05:39 HC: Most public lands in the province will be owned by the provincial Crown, so in that case, it would be, partly the provincial government would have a duty. But also we know that the federal government has a specific mandate through the Constitution Act 1867 to look after what was termed then “Indians and lands reserved for Indians,” which we know now includes all indigenous peoples in Canada, so all Aboriginal peoples. And so both levels of Crown might have a duty to consult, and the duty to consult… The question then becomes, “Well, what does that mean?” [chuckle]
06:11 MS: Right.
06:13 HC: And we’re not quite sure what it means, but it means different things in different contexts. The court was very clear in Haida Nation and in subsequent case law that there’s a spectrum. On one end of the spectrum you would have a situation where an indigenous group has a claim, but it’s not particularly strong, for whatever reason, maybe there’s conflicting claims, maybe another group has a claim to the same area, maybe this group hasn’t occupied that area for a long time, and that’s a known fact. For whatever reason, the claim isn’t very strong. And at that point then you would have a lower duty than you would, for example, if… So in the Haida case for example, the Haida have inhabited the islands that used to be known as the Queen Charlotte Islands, they’re now called Haida Gwaii, and they’ve lived there without any opposing or conflicting claim for millenia. It’s a very strong claim that they have to that area. And so, in that particular case, then it would require a much higher level of consultation and possibly accommodation of their interests.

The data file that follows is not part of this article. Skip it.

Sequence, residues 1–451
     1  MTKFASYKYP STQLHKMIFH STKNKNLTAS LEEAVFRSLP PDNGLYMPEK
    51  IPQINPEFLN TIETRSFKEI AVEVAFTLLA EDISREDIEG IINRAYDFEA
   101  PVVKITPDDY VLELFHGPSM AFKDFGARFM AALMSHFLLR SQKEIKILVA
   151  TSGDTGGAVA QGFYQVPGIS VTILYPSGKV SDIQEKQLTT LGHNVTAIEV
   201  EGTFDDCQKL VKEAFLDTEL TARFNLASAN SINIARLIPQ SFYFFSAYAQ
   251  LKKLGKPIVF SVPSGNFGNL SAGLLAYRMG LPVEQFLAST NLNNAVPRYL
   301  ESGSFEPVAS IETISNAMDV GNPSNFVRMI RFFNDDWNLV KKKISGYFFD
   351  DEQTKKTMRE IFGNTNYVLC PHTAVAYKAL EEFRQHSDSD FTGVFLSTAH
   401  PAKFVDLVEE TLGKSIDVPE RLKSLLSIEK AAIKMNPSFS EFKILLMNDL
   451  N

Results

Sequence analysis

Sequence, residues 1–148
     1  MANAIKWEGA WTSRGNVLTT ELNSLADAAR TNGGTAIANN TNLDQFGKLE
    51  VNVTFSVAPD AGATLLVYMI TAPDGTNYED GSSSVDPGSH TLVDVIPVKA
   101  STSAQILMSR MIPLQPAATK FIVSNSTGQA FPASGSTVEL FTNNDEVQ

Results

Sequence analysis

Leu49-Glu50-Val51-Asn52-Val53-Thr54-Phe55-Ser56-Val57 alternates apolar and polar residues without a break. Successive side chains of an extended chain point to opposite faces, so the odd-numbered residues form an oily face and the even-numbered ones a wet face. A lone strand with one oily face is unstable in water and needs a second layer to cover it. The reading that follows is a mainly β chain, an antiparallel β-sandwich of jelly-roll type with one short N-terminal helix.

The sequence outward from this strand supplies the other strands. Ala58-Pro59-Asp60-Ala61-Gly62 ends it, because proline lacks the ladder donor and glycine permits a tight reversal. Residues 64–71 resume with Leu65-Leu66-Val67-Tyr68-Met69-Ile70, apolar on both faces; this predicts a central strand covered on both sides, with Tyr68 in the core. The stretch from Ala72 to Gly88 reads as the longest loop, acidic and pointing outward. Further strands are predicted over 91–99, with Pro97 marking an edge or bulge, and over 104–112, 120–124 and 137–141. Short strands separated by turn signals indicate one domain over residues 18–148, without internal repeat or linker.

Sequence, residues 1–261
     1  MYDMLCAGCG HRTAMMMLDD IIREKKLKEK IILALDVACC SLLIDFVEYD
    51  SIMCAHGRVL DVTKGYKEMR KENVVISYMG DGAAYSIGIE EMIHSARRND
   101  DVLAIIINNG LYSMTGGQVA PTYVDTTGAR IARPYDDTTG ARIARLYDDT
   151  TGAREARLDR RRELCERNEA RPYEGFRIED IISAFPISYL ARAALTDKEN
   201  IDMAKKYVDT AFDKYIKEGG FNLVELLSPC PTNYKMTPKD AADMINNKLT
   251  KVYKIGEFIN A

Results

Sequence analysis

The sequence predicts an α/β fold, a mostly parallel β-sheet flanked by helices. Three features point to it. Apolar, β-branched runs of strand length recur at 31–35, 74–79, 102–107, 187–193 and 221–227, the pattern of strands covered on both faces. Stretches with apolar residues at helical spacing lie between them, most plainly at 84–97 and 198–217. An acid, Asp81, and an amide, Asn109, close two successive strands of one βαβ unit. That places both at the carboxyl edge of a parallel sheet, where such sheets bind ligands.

07:15 HC: The other factor on the sliding scale is the government, the proposed action that would interfere with the rights. At one end of the spectrum, you’d have something that’s gonna have a very minor impact on the rights and that would require less consultation, but on the other end you might have something, for example, in the Haida Nation case, you had a permit to clear cut some areas of the forest there. So that would obviously have a great impact on the rights involved or the rights claimed at least. And so that would then result in a higher level of consultation needed. And so the key in a lot of the cases that have been coming through is whether, what level of consultation is required and how do we determine whether it’s been adequate or not? The other important element is that, and this is tricky again, but the duty is always on the Crown, so it’s always the Crown that has a duty to consult. Nobody else has a duty to consult, but while the ultimate responsibility is always with the Crown, the duty itself can actually be delegated for procedural purposes, which means that in other words, other parties can engage in negotiations that will fulfill the duty. It doesn’t mean that the government has to be at the table at all times.
08:23 MS: So the Crown could appoint an arbitrator?